In part 1 of Up the Organisation (that appeared in Accomnews in June), I mentioned my first ever “real” management job with Thomas Cook Travel in 1976 and also went on to mention the greatest book on management I had ever read – Up the Organisation by Robert Townsend, who led Avis Rent a Car to greatness in America in the sixties and seventies.
I have tried to follow the management principles of Robert Townsend all my life. Why? Because they work!
As I said in part 1 of this article, in Up the Organisation, Robert Townsend highlighted the concept of Theory X and Theory Y companies. A Theory X company (and this describes the majority of companies in America and Australia to this day) operates on the same corporate and power structure as the Catholic Church and Julius Caesar’s legions! Obey the bloke at the top of the pyramid, or your head will be cut off (or perhaps you will be excommunicated)!
A Theory Y company, and I quote, “assumes that people will exercise self-direction and self-control in the achievement of organisational objectives to the degree that they are committed to those objectives”. In other words, employees, properly led, share the ambitions of management for the success of the enterprise.
Okay! Yeah! Yeah! Boring, boring! But read on because it does get better!
Whenever I read in the financial pages about a CEO who is “hard edged”, and who does not “suffer fools gladly”, I cringe! All the signs of a Theory X psychopath are being exhibited!
Let me tell you a story!
Back in the early eighties, I was in a management position with one of Australia’s largest development companies. My boss and I had arranged a meeting with a very senior executive of a major finance organisation to discuss a marketing proposition that involved our company contributing a very large sum of money to the mutual benefit of both ourselves and the financier.
Five minutes into this meeting, the senior executive’s desk phone rang! It was soon very obvious that the voice on the other end of the line was the “famous” CEO of the finance organisation. He often appeared on the financial pages and was famous for being “hard-edged” and “not suffering fools gladly”! This is another way of saying he was arrogant and pig-ignorant! The senior executive was so petrified by a call from his “famous” CEO, that he could not bear to tell his “hard-edged” and “famous” boss that his phone call was interrupting a very serious meeting that had been long in the planning and was to the absolute benefit of the financial organisation!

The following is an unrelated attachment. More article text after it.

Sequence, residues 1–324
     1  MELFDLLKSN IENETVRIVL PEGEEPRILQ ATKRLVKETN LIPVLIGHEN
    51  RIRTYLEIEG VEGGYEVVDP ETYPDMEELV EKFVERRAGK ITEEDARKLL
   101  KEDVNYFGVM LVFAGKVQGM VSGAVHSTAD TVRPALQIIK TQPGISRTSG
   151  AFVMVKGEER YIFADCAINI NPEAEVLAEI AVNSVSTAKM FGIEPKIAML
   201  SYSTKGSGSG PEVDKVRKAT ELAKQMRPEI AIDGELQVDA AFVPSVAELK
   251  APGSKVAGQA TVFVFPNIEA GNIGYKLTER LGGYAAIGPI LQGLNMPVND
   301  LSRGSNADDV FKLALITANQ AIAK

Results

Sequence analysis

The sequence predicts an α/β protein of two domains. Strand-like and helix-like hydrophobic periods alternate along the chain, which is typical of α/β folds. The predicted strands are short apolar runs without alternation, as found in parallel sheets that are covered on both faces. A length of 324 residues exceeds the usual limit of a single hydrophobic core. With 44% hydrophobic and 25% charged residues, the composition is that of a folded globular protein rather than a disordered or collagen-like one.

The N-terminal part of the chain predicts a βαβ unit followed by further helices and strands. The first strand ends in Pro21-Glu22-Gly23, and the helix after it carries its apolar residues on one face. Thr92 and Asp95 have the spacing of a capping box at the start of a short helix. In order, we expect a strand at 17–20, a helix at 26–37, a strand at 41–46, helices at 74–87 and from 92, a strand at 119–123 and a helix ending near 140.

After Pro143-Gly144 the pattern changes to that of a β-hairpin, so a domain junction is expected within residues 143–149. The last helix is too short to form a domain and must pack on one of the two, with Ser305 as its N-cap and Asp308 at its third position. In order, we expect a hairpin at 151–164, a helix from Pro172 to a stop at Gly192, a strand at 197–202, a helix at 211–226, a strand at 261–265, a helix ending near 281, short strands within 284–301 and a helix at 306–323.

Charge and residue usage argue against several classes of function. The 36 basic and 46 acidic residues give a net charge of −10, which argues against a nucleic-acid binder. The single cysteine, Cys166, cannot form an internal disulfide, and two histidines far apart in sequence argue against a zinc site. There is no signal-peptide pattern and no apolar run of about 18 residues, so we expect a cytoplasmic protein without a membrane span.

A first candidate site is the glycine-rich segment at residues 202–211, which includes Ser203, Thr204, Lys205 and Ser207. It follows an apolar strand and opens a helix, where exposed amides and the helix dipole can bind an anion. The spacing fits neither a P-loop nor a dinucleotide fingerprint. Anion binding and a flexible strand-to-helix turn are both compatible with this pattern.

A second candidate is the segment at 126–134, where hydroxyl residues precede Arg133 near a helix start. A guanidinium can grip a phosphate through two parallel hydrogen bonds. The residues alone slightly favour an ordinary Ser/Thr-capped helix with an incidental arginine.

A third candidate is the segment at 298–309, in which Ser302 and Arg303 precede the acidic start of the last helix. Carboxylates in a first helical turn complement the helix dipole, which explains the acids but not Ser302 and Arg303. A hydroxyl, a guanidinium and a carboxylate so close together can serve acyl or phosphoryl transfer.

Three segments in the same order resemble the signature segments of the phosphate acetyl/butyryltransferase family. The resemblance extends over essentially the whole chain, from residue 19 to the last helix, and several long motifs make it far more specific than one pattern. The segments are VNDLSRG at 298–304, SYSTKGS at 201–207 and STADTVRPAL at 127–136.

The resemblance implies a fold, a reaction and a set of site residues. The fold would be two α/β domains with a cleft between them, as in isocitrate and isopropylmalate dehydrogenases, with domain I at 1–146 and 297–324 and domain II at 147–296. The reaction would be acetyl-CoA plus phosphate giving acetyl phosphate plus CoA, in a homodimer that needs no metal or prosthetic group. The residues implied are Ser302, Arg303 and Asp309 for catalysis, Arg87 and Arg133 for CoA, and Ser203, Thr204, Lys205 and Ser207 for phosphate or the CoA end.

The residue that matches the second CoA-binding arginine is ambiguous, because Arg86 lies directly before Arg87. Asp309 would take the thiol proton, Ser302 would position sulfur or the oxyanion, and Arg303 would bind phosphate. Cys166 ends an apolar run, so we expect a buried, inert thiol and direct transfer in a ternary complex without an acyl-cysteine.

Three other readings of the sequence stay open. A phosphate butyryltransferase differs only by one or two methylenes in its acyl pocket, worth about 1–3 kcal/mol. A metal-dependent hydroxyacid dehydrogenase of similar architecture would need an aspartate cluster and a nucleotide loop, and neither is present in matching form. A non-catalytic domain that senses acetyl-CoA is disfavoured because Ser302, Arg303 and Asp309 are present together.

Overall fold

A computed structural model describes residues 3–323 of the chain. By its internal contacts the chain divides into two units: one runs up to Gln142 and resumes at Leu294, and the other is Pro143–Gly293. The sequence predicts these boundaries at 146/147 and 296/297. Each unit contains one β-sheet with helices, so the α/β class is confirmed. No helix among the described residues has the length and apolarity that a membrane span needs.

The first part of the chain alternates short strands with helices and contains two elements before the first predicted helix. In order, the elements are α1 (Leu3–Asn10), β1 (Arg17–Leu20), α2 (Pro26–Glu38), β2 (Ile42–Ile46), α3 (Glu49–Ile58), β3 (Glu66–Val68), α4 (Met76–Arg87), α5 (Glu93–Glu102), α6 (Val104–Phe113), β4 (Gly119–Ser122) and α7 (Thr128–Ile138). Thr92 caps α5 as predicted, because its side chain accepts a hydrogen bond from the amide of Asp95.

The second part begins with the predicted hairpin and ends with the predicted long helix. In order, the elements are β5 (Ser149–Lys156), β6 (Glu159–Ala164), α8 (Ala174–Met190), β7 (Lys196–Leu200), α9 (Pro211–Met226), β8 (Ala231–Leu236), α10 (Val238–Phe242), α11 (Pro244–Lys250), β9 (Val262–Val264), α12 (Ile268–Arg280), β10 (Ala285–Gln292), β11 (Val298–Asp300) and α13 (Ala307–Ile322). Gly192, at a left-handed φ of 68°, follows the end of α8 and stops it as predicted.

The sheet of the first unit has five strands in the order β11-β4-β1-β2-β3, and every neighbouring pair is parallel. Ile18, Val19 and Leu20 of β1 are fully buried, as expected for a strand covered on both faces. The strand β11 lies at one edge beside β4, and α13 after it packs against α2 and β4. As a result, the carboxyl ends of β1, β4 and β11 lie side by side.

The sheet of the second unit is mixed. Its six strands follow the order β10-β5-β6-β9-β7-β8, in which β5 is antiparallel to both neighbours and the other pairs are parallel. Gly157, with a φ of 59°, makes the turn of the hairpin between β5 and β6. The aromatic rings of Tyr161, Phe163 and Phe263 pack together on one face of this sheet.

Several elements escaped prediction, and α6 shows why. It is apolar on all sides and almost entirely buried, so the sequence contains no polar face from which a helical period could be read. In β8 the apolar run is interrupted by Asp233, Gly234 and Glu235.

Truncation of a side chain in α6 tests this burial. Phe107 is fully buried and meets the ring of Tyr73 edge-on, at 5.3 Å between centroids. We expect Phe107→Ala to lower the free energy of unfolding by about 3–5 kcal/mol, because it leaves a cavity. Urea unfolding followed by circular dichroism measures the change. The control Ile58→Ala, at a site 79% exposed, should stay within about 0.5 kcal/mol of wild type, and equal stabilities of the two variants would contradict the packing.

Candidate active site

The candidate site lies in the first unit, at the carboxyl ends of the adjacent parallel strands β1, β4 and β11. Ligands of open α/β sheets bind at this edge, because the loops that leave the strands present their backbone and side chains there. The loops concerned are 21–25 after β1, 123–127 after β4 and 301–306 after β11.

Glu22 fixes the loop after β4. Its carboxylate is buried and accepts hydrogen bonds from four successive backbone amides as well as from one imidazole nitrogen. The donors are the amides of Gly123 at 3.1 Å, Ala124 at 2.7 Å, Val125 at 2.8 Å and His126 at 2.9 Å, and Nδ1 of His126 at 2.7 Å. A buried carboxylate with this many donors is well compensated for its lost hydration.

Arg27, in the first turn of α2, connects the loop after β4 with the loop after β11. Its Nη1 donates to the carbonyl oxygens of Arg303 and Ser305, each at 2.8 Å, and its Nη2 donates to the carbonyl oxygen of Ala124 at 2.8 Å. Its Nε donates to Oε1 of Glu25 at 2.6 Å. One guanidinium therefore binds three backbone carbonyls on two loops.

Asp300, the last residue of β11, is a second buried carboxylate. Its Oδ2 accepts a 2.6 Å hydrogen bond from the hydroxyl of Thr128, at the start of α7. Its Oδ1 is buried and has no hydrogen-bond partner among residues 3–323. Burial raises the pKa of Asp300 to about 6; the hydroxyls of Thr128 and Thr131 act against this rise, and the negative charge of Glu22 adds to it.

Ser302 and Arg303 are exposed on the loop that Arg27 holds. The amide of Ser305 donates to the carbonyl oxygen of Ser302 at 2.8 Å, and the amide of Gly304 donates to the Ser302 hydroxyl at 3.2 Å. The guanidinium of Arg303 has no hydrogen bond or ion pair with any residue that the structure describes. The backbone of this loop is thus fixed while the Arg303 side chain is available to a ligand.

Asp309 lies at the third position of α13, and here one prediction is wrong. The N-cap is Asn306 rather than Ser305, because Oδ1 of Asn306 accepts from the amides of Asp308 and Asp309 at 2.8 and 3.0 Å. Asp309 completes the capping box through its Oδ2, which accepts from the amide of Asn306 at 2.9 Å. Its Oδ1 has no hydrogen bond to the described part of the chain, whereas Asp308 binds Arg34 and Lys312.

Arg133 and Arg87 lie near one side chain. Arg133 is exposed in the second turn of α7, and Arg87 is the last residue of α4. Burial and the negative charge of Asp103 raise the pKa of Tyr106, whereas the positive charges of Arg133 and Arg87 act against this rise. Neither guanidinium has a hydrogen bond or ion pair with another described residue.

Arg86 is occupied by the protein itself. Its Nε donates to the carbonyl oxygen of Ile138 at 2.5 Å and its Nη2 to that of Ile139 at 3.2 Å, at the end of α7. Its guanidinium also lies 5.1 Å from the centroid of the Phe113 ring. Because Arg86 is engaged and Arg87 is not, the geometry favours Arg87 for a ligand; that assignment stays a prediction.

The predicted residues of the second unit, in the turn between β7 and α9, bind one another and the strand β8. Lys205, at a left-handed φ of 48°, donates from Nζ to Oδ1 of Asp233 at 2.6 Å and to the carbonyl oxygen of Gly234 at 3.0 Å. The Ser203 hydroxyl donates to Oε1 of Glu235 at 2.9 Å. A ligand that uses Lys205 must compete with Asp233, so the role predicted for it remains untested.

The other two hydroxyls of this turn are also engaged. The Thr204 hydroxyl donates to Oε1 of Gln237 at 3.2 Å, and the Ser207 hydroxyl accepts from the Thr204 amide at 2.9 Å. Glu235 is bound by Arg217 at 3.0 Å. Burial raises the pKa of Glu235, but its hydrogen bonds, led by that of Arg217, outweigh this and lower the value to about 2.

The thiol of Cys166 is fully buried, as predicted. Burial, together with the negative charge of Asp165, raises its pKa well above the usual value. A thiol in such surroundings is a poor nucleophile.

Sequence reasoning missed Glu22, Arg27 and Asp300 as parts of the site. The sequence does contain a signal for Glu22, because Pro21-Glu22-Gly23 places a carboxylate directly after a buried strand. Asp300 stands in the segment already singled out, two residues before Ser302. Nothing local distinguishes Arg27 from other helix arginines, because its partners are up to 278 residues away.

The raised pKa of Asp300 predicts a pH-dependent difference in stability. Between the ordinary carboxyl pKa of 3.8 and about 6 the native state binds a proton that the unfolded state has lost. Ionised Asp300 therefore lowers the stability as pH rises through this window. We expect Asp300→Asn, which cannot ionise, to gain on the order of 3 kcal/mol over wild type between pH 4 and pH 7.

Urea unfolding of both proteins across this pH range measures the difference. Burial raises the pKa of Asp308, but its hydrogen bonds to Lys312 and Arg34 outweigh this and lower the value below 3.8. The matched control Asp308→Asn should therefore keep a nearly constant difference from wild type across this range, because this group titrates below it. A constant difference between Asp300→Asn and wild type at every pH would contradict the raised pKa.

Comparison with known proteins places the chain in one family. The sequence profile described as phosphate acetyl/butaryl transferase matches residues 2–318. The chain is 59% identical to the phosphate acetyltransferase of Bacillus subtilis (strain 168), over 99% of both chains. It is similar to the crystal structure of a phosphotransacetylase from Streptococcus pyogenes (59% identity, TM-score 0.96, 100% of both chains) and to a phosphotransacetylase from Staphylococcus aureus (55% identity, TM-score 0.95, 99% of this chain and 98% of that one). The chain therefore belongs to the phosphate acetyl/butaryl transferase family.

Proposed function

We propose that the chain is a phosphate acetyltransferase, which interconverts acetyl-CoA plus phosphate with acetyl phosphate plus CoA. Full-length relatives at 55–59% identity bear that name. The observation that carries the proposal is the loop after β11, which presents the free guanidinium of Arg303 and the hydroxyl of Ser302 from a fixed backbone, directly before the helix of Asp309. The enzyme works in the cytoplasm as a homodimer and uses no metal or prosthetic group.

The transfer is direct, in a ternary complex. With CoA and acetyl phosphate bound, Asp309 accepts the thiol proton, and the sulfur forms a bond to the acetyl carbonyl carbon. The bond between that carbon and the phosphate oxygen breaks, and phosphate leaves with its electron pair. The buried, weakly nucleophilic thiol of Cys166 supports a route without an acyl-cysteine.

This went on for fully ten minutes! The gutless senior executive squirmed in his well-padded seat and my boss and I looked at each other in disgust at the way we were being treated!
Needless to say, we walked away from any deal with this organization. Ego, stupidity and a Theory X mindset should be avoided in a Chief Executive at all costs! When the head honcho develops a “GOD” complex, it is time to proclaim your atheism!
Recognising talent in others is a necessary skill for all successful managers. Another skill must be in knowing how to handle the talented underling so that his/her potential may be realised!
In 1965, I was a first-year primary school teacher, confronted with 35 raucous grade threes. One of those eight year old students was a boy of supreme intellect and amazingly developed social skills. Not only that, he had a lovely singing voice and the personal self- belief to be able to tell me to my face that I couldn’t sing a damn note! From the 35 pupils in his class he shone like a beacon! I went to my head teacher, a wonderful man (now deceased) with 40 years’ teaching experience and asked him how I should handle this prodigy.
He said to me, “Mike, when you are confronted with people who possess talents much greater than your own, just make sure you get out of their way so that they do not trip over you on their way through!”
This advice applies just as surely to bosses as it does to school teachers. Too many bosses get the top job and then feel it is their duty to bring every division of the company under their personal (and rigid) control, regardless of the fact that the division was already the best in the industry! If it ain’t broke, don’t fix it!
If you have an admin department that is doing a good job, just stay well away and let them get on with it! Better still, thank them for their contribution to the business and take them all to lunch!
I have always believed that a good business, whether it be a huge publicly listed company, a thriving holiday resort or a mechanical repair shop, is nothing more than the sum of its people. You might think you are a genius and, indeed, you might be! But without your staff, you are nothing. Success in business is simply the harnessing the efforts of many good people to a common aim, and rewarding them adequately for their contribution! No rocket science at all! It is all about Theory Y!
So why do so many businesses fail to get it?